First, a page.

Women taking recalled Freya-28 pill advised to use backup contraception

TORONTO – Women who have been taking an oral contraceptive that’s been recalled due to a packaging error could be at risk of an unwanted pregnancy if the entire batch was affected, says the head of the Society of Obstetricians and Gynaecologists of Canada.

Dr. Jennifer Blake said women who have been taking the birth-control pill Freya-28 in the last few months should speak to their doctors and temporarily use an additional method of contraception, such as a condom.

On Tuesday, Health Canada issued a notice of recall for Freya-28 after a pharmacy reported that a package had been found that contained a placebo pill in place of an active one.

Packages of the pills sold by Mylan Pharmaceuticals should have 21 white pills containing active ingredients, laid out in three rows, and a single row of seven green placebo pills.

Two lots of the product that were sold across Canada — 3739F001B and 3739F002B — have been recalled. The company’s other birth-control product, Freya-21, is not affected.

The lots contained a total of more than 79,500 individual blister packs of the 28-day contraceptive, company spokeswoman Nina Devlin confirmed Wednesday. Almost 76,300 of those had been distributed country-wide between May 10 and Aug. 22, when the packaging mix-up was reported to the company.

The drug, a generic version of the brand-name contraceptive Marvelon, is packaged for Mylan by Famy Care Ltd., a Mumbai-based pharmaceutical company.

Health Canada said missing one or more active pills could reduce the contraceptive’s effectiveness and result in an unplanned pregnancy.

Blake said the risk of conception depends on when in a woman’s menstrual cycle the extra placebo pill might have been taken.

“So if you missed a pill at the very beginning or at the very end — if that was the pill that was incorrect, towards the beginning or the end — then that means instead of having seven days of placebo pills, you’ve had eight days of placebo pills,” she said Wednesday from Ottawa.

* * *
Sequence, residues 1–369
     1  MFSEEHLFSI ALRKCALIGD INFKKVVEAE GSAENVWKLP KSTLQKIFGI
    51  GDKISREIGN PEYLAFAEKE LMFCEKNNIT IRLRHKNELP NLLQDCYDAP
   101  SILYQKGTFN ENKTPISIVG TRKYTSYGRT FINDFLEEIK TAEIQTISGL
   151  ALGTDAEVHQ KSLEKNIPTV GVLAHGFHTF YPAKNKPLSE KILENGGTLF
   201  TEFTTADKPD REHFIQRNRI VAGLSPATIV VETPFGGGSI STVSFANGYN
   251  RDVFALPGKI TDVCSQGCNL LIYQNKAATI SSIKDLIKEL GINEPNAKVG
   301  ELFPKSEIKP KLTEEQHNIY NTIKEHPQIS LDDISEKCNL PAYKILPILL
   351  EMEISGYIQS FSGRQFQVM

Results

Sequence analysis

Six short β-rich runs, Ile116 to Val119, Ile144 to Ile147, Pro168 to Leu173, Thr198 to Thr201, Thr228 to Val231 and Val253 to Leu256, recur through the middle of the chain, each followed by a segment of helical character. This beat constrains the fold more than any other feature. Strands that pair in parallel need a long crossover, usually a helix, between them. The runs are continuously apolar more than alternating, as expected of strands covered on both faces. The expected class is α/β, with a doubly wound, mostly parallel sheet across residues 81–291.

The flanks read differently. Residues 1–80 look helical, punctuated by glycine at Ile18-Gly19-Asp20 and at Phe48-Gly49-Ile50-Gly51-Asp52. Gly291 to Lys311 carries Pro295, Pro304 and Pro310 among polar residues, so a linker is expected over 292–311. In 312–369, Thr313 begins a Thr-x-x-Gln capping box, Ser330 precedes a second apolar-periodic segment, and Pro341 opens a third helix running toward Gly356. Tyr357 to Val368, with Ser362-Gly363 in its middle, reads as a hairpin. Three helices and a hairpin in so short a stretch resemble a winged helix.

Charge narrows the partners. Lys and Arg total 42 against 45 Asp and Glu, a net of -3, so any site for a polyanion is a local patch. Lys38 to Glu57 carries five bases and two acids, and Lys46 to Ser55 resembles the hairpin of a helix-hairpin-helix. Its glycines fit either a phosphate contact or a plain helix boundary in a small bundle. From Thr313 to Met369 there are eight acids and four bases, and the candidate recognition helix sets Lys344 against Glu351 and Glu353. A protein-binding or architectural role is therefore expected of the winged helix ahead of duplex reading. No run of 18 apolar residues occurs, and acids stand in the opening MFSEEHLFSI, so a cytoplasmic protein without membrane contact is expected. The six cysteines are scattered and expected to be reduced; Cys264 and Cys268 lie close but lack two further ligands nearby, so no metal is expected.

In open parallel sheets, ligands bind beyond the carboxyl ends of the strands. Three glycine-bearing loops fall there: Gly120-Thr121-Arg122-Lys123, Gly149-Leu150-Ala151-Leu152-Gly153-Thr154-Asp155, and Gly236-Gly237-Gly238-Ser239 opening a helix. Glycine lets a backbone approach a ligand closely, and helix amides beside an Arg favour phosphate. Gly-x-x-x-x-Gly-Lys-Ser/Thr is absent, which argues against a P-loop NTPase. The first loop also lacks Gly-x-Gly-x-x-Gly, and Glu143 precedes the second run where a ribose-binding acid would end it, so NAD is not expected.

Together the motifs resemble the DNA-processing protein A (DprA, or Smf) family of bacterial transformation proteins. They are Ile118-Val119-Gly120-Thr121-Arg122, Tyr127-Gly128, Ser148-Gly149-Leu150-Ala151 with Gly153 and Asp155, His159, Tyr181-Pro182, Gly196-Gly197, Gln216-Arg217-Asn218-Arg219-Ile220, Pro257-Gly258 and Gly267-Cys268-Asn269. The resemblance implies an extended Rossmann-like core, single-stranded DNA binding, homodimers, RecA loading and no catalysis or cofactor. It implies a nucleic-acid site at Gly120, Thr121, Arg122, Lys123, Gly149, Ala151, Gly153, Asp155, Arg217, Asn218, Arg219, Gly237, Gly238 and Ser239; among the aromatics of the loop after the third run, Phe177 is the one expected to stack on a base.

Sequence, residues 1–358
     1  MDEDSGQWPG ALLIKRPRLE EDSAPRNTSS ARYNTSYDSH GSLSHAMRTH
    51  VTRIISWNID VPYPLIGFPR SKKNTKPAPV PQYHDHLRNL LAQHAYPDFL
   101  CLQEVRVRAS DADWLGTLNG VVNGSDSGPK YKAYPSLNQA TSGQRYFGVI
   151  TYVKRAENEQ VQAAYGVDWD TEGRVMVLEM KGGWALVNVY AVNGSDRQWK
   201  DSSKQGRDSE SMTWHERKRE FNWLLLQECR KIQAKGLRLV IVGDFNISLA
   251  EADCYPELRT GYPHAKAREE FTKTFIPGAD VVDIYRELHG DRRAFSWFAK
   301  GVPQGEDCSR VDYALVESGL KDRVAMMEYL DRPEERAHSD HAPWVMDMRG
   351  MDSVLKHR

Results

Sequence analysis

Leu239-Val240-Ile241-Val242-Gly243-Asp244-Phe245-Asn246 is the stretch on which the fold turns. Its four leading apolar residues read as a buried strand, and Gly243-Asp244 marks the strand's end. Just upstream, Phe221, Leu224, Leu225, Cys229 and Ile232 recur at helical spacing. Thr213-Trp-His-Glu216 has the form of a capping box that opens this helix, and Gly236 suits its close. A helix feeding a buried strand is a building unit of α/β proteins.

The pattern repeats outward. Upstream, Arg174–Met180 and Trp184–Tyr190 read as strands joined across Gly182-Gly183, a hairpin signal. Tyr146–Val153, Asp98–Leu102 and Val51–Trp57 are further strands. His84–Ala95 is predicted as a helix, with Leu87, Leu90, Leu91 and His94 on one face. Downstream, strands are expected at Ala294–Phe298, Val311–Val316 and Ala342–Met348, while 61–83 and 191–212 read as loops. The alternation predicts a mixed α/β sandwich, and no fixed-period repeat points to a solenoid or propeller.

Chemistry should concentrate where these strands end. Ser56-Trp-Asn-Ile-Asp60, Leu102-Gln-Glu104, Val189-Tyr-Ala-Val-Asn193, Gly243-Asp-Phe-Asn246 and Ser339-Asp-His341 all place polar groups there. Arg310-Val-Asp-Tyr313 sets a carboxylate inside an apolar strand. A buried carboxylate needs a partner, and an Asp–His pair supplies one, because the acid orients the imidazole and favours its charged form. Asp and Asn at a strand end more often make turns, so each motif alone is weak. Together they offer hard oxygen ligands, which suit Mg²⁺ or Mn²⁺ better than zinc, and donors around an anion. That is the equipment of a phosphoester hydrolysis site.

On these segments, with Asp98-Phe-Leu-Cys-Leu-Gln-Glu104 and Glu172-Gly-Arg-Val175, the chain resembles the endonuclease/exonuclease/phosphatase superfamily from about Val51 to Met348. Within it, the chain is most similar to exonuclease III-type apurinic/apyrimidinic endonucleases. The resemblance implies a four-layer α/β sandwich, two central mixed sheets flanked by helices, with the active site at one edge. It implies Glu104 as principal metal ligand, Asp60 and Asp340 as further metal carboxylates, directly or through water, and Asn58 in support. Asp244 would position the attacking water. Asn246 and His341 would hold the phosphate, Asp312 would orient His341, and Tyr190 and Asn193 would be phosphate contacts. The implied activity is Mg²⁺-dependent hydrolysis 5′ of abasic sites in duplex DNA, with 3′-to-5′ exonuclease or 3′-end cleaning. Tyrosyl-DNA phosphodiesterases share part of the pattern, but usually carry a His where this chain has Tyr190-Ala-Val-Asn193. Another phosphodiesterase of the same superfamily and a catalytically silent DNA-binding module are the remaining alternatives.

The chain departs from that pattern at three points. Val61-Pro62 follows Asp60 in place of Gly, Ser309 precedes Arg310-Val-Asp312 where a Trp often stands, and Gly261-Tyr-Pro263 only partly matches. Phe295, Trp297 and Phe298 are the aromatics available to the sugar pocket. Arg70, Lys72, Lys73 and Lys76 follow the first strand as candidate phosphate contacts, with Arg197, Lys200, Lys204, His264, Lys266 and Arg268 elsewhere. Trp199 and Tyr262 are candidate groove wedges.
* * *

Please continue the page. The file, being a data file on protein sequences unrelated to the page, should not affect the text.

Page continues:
“And that’s assuming that that was the only error in this batch.”

Missing a pill containing active ingredients at a critical point in a woman’s cycle could allow an egg to escape, and ovulation and conception to occur, Blake said.

“If it’s absolutely smack, plum in the middle of the month, then the chances are that you’re going to be OK — but we don’t know.”

Women using birth control pills take the drugs for 21 days of each menstrual cycle. Because of the risk that they might not remember to resume taking their pills at the right time, many oral contraceptives are packaged with a pill for each of the 28 days in a cycle — 21 are drug and seven are placebo.

The Freya-28 recall is the second for an oral contraceptive this year. In April, Alysena 28 was pulled from the market when it was discovered one lot contained too little active drug and too much placebo, leaving women who took it vulnerable to becoming pregnant.

The lot sold by generic drug maker Apotex contained about 50,000 faulty packets, which were sold across Canada.

“I was so disturbed to see that this had happened again,” said Blake, calling it “twice too often.”

Consumers using Freya-28 can return unopened packages to their pharmacists and are asked to report any adverse reactions potentially related to recalled pills to Health Canada. As of Tuesday, Mylan said no adverse effects had been reported.